We’re hearing about all this now because of action taken under the Obama Administration. The government filed a lawsuit to prevent the online distribution – for free – of the printer plans for 3D guns on the basis “that the files would be available for international download and international use. It also argued that the files at issue were not “expressive speech.” The Fifth Circuit noted “printing a fully functional plastic lower receiver or Defense Distributed’s single-shot plastic pistol ‘is legal for United States citizens and will remain legal for United States citizens regardless of the outcome of this case.’ ”

The original case was a First Amendment case, one the government wasn’t going to win. That is why the Justice Department, under the Trump Administration, settled with Defense Distributed. But “oh, no, we can’t have that,” said the Chicken Little Brigade. So they started their rounds, once again calling for further limitations of our Second Amendment rights.

And, lest he be left out, little David Hogg had to have his say in the matter. (His comments begin around the 3:00 mark.)

As usual, Hogg speaks without knowledge. He doesn’t understand what the Obama era regulations were about, or what the original law suit was about. He apparently thinks 3D printed guns were illegal under Saint Obama and Demon Trump has a deal with the Devil NRA to put these horrible weapons out on the street. When will the media quit giving this child any credence? Never mind, I know that answer. They will do so only after he deviates from their own narrative.

So, what about the TRO they are all crowing about? Is it really a victory? Not really. For one, it is temporary. The hearing is set for August 10th. For another, even if the judge in Seattle confirms the order, it can still be appealed. Then there’s the little fact the plans had already been online and downloaded by a number of people before the TRO was issued. Any damage has already been done. And let’s not forget that these aren’t the only 3D printable gun plans out there.

This is, once again and unsurprisingly, a tempest in a teacup of liberal tears. One day, the Chicken Little Brigade will learn that crying “the sky is falling” over every little thing that offends them will backfire and bite them in the ass. For me, that day can’t come too soon.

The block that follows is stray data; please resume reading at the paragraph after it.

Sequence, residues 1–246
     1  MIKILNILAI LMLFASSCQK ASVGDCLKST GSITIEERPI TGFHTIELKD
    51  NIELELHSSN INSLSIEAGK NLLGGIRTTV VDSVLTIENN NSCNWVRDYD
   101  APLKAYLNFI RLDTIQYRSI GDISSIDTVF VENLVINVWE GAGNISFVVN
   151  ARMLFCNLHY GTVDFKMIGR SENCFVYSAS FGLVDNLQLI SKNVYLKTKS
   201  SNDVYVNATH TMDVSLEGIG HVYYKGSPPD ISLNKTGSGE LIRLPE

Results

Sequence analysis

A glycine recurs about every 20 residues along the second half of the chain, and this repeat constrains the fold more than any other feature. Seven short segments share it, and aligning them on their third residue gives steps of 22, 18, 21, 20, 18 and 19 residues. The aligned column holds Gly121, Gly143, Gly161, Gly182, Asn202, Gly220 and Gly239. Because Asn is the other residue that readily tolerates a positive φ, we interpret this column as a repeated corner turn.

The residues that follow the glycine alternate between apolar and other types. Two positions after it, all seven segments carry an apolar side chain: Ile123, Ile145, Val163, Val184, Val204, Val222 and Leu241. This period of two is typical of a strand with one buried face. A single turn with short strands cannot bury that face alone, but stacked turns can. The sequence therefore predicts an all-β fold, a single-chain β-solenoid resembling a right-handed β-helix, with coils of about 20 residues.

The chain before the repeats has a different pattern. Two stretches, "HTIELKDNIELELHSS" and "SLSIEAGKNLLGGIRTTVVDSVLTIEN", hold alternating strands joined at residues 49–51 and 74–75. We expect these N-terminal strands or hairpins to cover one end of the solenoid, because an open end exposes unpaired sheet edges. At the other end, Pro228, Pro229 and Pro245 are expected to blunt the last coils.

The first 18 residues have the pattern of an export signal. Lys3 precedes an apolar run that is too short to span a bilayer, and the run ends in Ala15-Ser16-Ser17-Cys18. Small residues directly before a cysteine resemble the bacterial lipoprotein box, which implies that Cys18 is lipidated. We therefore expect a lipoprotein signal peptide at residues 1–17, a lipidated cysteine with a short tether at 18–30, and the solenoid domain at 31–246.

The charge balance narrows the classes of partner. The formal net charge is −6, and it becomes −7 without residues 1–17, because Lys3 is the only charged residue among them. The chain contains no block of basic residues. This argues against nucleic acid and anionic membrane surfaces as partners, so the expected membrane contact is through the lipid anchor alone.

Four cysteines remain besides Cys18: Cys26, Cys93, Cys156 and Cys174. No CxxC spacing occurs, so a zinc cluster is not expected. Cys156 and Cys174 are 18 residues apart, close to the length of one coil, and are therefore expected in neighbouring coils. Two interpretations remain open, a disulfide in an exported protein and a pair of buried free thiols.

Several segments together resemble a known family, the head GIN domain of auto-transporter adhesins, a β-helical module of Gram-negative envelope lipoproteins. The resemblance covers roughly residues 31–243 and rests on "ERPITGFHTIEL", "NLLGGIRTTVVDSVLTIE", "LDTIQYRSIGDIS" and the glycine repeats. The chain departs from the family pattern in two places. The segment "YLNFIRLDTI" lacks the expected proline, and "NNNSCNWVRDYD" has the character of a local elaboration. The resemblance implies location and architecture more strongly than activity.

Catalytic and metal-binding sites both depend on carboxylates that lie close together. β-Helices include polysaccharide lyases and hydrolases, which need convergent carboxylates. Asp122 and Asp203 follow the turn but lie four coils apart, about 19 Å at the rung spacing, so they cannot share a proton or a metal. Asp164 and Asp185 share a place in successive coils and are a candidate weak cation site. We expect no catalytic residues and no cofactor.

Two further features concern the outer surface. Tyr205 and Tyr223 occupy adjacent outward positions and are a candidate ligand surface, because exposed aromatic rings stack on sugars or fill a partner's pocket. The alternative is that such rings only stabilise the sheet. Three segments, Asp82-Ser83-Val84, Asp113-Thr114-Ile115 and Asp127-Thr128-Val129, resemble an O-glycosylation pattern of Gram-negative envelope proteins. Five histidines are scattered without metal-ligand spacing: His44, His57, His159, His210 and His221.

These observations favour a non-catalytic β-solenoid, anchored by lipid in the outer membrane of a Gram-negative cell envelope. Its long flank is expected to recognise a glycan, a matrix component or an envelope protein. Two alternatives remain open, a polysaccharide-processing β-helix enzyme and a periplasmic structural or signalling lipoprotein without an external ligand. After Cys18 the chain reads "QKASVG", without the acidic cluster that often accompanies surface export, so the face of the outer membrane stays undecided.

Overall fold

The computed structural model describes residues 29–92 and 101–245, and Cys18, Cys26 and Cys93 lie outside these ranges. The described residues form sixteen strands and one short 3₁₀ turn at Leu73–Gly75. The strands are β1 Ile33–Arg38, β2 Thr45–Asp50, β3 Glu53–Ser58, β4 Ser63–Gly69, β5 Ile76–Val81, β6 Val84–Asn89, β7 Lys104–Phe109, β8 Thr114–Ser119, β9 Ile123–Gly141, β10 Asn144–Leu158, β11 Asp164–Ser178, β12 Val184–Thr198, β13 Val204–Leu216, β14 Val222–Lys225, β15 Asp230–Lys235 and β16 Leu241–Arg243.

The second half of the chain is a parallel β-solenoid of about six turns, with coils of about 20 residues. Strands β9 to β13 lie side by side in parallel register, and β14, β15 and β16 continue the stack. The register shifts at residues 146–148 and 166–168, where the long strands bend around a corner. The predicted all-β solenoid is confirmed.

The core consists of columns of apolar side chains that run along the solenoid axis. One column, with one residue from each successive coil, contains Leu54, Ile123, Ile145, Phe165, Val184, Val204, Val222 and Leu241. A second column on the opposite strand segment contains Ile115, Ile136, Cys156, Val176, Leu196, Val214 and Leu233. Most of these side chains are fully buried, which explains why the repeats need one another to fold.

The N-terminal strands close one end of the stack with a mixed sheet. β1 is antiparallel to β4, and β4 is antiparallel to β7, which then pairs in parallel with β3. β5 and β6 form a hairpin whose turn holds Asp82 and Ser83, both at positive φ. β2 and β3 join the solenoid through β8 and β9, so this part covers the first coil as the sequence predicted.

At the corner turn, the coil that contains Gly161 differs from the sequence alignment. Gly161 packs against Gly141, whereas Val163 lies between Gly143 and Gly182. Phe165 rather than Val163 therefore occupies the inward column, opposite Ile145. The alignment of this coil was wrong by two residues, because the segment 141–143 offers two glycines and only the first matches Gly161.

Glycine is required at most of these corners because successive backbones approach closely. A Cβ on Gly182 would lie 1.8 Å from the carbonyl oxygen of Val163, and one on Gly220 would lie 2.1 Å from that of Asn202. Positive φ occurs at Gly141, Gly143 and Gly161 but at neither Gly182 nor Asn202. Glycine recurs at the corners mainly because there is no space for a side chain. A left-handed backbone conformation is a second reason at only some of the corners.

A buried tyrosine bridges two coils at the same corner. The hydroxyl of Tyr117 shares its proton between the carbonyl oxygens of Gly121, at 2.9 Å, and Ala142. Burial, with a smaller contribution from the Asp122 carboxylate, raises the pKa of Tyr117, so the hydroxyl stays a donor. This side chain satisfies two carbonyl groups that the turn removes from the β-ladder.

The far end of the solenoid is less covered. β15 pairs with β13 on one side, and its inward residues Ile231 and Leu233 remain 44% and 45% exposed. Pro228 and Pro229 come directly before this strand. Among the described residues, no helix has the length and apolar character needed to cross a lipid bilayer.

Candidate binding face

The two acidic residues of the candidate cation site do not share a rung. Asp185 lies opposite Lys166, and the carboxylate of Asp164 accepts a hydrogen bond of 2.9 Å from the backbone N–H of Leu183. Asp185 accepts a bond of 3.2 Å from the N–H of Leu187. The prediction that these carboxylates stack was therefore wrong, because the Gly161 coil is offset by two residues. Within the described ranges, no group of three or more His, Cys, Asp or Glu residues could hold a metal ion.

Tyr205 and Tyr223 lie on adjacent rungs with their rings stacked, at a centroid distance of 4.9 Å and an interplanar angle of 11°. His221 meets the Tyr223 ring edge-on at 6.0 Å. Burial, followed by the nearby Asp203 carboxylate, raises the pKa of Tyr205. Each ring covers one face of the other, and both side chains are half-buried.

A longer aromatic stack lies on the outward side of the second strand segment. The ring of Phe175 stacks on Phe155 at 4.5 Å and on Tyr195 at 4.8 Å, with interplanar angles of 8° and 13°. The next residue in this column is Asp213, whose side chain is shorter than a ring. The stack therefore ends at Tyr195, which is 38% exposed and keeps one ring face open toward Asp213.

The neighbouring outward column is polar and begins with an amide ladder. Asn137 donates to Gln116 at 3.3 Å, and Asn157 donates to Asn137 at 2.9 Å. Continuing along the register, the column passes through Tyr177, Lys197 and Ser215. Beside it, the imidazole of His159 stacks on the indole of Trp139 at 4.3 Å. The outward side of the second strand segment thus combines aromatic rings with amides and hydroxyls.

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22 Comments
  • SFC D says:

    It’s much easier to make a zip gun out of hardware store parts.

  • Nina says:

    One never knows what kind of edumacation we’ll receive whenever Davey opens his mouth and dumps opinions on the floor.

    Case in point. I had no idea that all the NRA supporters are libertarians. But Davey says we are, so it must be so.

    • Amanda Green says:

      I know, right? It’s like I didn’t know the NRA should support the ban on the 3D printable guns because they — the NRA — doesn’t make any money on them.

  • Nicki says:

    Or just buy one from the street or get one from a friend, which is where the vast majority of guns used in criminal activity come from in the first place. Milano is such a friggin’ moron!!!

    • Jodi Giddings says:

      Indeed she is. What’s worse: the lawmakers spewing this nonsense who know better (or should). They will literally say ANYTHING to regain power.

    • Amanda Green says:

      Or steal one. But that doesn’t fit the narrative because we know that only legally gotten guns are used in crimes. (rolls eyes)

  • John C. says:

    3D printers aren’t, and haven’t ever, really, been needed for making guns; there is an entire industry in the Philippines making firearms, from “cigarette gun” matchlocks and “slam-bang” shotguns to sophisticated full-auto guns, with workshops less well-equipped than many Americans have in their garages. Look up “Paltik guns.” And for the DIYers out there, you may find http://www.weaponeer.net/forum/uploads/Weaponeer/files/2007-10-17_131429_AR_15_Scratch_Built_Receiver.pdf and https://grabcad.com/library/ar-15-sheet-metal-and-tube-steel-upper-receiver-1 of interest, and no 3D printer is required. The bolt-together lower plans are 14 years old, and the media has STILL not caught up…

    • Amanda Green says:

      Dana Loesch’s tweet in response to Alyssa Milano said it all, imo. She reminded dear little Alyssa that there have been folks making their own weapons for, well, basically ever. You don’t need a 3D printer to do it.

    • GWB says: